Where Do Most Expats in Latin America Live?

Back again, back again. This time, to talk about where expats in Latin America live.

The inspiration for this article came from a Facebook expat group for people residing in Latin America.

Here’s the post:


whereexpatslivelatinamerica
whereexpatslivelatinamerica

User submitted data is suitable for something like this since it’s difficult to get an ‘official’ handle on how many expats are living in any given spot because a lot of them are staying on tourist visas, i.e ‘off the grid,” so to speak. Many don’t really have identifiable ties to their adopted country aside from maybe an apartment rental contract, so any kind of census wouldn’t account for these folks!

I found the results of this poll to be more or less in line with what I assumed were the most popular expat destinations in Latin America, so I figured I’d share it with y’all!

Here are the results:


Where Most Expats Live in Latin America

latinamericaexpats

 

Only a few things surprised me about this poll:

  • Chile being number 4 and ranking above Panama
  • Brazil being number 6. Somewhat surprising, given it’s not the easiest place for an expat to settle
  • Peru having less expats than both Bolivia and Argentina

     

Everything else more or less matched up with what I’d expect, particularly with Mexico, Colombia and Costa Rica being the most popular countries in Latin America for expats.

Anyhow, just thought I’d share in case you were curious to know where other foreigners are living in Latin America.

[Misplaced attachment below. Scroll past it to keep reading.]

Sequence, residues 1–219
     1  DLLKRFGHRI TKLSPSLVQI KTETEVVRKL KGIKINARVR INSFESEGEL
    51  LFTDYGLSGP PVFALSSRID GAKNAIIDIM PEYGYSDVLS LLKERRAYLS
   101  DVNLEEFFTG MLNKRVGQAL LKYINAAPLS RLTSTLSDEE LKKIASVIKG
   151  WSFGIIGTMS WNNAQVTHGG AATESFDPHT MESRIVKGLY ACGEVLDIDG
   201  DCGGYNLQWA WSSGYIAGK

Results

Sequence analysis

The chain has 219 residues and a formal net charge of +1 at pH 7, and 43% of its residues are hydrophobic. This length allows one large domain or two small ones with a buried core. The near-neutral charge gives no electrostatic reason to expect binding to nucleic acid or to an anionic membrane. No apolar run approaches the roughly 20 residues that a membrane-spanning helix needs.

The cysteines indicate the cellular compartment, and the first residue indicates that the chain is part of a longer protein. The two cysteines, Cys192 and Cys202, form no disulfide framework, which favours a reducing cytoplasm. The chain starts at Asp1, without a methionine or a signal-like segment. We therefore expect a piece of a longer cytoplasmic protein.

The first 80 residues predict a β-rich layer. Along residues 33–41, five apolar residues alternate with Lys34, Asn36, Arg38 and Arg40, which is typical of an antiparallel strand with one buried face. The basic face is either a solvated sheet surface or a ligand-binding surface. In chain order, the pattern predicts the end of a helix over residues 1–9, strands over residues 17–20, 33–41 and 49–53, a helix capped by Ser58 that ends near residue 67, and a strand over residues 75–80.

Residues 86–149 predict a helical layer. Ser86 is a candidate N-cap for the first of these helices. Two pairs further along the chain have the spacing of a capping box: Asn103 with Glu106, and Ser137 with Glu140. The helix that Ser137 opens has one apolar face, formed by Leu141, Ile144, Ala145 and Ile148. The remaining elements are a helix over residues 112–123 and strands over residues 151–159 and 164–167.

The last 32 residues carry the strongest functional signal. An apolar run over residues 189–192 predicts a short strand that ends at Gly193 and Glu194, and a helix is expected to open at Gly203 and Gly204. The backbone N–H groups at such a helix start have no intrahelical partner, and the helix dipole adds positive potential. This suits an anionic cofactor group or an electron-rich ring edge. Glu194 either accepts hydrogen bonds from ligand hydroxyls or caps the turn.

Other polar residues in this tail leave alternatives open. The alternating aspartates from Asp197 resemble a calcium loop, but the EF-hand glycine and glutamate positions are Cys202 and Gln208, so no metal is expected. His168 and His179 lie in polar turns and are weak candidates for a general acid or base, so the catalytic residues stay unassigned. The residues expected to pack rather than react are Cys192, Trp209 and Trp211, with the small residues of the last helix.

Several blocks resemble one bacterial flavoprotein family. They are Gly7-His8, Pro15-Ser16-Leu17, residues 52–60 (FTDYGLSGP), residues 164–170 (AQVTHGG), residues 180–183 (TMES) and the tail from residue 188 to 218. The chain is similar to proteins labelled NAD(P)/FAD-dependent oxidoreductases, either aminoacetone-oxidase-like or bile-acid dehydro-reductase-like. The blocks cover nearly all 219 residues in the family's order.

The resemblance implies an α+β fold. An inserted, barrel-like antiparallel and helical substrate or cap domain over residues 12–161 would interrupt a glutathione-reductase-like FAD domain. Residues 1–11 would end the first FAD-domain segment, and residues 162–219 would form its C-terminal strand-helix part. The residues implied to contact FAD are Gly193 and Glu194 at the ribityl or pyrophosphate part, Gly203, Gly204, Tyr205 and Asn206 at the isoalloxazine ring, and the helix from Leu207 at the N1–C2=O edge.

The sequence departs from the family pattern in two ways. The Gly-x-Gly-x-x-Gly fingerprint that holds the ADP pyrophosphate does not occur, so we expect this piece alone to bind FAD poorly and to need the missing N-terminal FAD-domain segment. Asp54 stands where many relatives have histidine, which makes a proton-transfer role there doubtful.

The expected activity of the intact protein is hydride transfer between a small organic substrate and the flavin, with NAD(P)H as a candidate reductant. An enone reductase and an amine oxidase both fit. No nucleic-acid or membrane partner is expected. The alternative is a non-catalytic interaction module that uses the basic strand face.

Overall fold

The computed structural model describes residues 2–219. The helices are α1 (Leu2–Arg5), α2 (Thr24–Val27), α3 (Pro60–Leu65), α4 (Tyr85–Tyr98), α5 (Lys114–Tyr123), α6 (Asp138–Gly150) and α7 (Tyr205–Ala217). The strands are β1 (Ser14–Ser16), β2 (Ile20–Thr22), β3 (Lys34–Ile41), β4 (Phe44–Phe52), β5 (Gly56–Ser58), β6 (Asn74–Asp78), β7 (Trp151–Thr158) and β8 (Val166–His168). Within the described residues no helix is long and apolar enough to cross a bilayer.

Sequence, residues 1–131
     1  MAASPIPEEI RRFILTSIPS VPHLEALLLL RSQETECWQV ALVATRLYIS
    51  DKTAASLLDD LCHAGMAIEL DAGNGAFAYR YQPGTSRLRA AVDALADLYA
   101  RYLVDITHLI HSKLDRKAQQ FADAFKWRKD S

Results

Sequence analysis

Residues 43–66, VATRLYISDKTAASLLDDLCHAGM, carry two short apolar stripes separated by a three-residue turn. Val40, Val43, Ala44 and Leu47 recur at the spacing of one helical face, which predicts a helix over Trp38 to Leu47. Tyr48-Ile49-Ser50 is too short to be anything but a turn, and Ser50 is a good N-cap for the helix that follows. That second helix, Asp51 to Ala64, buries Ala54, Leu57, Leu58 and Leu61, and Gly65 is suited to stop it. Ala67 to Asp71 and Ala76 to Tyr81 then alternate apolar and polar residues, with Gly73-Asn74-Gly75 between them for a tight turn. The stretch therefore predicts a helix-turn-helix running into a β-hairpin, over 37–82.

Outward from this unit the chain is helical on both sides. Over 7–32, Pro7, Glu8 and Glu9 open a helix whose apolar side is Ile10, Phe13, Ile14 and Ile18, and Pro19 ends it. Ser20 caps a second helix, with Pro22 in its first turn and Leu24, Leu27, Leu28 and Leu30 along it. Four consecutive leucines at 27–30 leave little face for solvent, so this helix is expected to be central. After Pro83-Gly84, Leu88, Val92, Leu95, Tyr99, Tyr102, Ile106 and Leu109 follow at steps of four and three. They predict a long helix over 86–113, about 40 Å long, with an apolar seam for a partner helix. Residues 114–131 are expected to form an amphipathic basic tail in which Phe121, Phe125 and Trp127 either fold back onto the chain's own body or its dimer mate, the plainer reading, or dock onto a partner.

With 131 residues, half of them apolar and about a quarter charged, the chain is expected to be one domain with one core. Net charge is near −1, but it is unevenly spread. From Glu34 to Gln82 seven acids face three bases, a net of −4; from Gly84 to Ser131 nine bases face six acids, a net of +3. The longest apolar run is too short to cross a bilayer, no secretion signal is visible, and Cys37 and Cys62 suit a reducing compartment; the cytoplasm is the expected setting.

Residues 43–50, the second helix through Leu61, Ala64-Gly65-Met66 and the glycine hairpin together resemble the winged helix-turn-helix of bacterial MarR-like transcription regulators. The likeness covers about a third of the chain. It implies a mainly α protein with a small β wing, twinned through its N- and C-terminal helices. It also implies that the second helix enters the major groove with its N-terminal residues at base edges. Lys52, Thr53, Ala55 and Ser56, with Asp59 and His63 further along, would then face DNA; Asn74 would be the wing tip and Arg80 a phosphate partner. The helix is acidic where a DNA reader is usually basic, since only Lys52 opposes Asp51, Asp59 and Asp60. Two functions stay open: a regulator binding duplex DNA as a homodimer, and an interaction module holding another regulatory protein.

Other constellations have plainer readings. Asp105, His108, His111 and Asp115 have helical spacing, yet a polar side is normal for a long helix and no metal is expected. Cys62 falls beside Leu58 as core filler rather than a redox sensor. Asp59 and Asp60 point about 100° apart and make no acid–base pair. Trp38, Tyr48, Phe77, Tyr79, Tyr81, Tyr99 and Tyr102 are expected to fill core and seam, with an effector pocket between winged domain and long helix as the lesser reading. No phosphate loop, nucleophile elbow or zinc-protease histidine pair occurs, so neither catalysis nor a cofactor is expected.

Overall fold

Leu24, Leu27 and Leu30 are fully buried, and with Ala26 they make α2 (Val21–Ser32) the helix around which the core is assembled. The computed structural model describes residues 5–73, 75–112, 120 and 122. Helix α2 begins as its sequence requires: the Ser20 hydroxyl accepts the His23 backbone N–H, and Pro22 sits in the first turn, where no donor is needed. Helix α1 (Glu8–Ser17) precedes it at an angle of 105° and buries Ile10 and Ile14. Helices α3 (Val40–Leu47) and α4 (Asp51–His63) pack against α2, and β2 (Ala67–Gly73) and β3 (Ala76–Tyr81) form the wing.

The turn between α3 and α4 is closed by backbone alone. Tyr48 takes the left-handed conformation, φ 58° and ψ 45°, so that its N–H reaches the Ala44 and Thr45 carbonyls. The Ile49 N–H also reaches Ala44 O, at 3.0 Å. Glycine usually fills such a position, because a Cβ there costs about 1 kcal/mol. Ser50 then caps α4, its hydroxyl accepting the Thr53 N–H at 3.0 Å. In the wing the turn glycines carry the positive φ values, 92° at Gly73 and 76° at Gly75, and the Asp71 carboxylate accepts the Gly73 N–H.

I’d also thought I’d take the chance to share my predictions about where the next expat ‘hotspots’ will be in Latin America.

Without further ado…

 

My Latin Life’s Picks For The Next Expat Hotspots

As you can see from the list, the top 5 most popular expat destinations in Latin America are:

  • Mexico
  • Colombia
  • Costa Rica
  • Chile
  • Panama

I don’t expect this to change much.

Rather, I think that the popular cities within these countries are likely to change.

On Facebook groups, all the common expat sweet spot cities are still talked about, but there is another conversation brewing.

More and more, people are searching for places that are more “authentic” so to speak; not overrun with gringos.

So what we’ll do is go over each country, talk about where the popular expats spots are, and then I’ll address where I think the next fashionable destinations are going to be, since many of these places are getting saturated and losing some of the charm they once held.

 

Mexico

Current Expat Hotspots

As it stands now, some of the most popular expat destinations in Mexico include:

  • San Miguel de Allende
  • Rosarita/Ensenada (basically, all of northern Baja California
  • Lake Chapala

Of course, there are more, but these are a few big ones. Naturally, real estate prices have been raising in these places and, with all the foreigners, these destinations are becoming less appealing to new expats.

Future Expat Hotspots

Here are three destinations I think will increase in expats in the coming years

  • The Bajio Region
  • Merida (it already has a lot of expats, but I expect more will flood in)
  • Oaxaca

 

Colombia

Current Expat Hotspots

Most expats in Colombia settle in Medellin.

There are also a good number on the Caribbean coast (Cartagena/Santa Marta) and a handful in the coffee region.

Future Expat Hotspots